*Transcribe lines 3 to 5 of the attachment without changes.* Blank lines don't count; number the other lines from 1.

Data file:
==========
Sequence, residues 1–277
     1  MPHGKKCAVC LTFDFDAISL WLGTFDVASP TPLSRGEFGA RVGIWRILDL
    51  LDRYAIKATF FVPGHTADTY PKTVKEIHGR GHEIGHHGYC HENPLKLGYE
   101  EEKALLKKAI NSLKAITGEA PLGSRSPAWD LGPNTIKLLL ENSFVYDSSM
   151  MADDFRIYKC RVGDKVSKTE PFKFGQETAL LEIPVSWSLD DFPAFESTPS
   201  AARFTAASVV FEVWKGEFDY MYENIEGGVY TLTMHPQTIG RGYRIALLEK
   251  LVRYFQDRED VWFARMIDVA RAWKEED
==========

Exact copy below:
    51  LDRYAIKATF FVPGHTADTY PKTVKEIHGR GHEIGHHGYC HENPLKLGYE
   101  EEKALLKKAI NSLKAITGEA PLGSRSPAWD LGPNTIKLLL ENSFVYDSSM
   151  MADDFRIYKC RVGDKVSKTE PFKFGQETAL LEIPVSWSLD DFPAFESTPS